Another disadvantage of having this so-called election system is that, if Mr. Tung wishes to have another term, and rumours have it that he does, then he would have to find support of members of this Election Committee, now grown to 800. He would have to curry favour with them, in some way, to make sure that he would be elected by them. If he had been appointed by Beijing, he needed only to have the support of the President.
Let me come back to this third policy speech therefore. The only way Mr. Tung can lead Hong Kong successfully into the 21st Century, or the new millennium, is to introduce democracy in Hong Kong. There is no other way.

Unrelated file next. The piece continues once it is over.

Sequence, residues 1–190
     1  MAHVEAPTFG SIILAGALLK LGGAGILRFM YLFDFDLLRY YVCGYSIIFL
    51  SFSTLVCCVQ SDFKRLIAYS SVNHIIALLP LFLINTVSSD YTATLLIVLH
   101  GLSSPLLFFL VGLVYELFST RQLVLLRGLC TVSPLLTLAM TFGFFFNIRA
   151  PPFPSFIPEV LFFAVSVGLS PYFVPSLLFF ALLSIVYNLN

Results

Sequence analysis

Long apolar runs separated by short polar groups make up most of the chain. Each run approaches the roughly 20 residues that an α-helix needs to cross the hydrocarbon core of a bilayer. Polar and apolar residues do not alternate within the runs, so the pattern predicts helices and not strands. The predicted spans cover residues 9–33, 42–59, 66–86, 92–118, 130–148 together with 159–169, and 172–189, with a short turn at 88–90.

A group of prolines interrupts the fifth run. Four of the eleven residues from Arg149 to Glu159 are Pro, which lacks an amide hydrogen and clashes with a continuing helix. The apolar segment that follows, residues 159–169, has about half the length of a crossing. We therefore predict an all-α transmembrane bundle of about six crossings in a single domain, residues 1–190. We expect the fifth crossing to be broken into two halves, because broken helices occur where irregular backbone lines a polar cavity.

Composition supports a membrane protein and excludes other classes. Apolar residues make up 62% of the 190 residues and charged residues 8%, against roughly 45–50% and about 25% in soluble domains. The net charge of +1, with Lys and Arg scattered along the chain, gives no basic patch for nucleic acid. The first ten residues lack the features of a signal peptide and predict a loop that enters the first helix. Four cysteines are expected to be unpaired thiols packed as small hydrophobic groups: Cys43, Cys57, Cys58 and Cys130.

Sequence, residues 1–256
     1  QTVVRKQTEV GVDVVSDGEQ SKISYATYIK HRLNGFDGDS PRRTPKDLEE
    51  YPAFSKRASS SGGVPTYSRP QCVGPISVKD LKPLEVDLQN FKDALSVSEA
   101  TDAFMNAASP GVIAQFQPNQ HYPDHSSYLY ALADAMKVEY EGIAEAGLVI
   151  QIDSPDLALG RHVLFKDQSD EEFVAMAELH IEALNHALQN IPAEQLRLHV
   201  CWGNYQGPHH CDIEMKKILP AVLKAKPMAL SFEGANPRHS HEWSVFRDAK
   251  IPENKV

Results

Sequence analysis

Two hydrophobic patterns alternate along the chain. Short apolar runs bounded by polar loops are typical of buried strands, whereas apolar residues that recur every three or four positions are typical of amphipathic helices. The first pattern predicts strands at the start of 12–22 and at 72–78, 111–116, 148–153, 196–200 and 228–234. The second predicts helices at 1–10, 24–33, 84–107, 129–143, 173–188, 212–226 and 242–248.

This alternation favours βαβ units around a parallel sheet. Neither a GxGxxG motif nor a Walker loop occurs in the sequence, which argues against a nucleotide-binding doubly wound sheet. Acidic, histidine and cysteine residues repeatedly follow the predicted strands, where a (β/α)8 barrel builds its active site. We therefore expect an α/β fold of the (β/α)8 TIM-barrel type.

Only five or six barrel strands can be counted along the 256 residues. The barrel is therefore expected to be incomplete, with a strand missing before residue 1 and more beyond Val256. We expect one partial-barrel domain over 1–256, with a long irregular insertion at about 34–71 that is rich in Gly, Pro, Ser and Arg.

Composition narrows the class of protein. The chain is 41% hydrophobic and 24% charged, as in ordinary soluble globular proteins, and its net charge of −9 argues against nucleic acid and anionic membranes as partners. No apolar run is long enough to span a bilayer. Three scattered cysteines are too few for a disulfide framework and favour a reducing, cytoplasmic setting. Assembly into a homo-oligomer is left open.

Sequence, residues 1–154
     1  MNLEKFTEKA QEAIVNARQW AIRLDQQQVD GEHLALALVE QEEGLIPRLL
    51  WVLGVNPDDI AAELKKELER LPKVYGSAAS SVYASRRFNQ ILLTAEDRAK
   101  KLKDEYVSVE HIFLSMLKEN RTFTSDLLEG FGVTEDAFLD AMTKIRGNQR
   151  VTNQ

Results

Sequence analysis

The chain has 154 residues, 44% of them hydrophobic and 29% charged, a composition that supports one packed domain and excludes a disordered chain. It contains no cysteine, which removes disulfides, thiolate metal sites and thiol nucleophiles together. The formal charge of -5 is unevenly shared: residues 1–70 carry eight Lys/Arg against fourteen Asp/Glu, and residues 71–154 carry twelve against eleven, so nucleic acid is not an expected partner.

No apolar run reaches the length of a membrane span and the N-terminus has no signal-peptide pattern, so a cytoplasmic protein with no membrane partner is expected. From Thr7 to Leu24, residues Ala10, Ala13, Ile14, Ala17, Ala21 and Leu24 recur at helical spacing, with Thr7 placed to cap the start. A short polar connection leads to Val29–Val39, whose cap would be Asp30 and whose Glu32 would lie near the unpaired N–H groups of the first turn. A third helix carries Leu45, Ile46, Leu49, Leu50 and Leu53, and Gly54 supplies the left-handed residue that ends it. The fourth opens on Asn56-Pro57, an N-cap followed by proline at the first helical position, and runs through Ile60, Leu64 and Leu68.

But is Mr. Tung trying to do that? NO! He has re-introduced the appointment system to the district boards as well as the municipal councils. He has proposed to scrap the municipal councils and take back power from them. He is leading Hong Kong backwards. Instead of leading us to the next millennium, Mr. Tung is leading us back to the 19th Century. And if Hong Kong goes back to the 19th Century, how can China be modernized? So, Mr. Tung, please revise your draft speech and bring in democracy.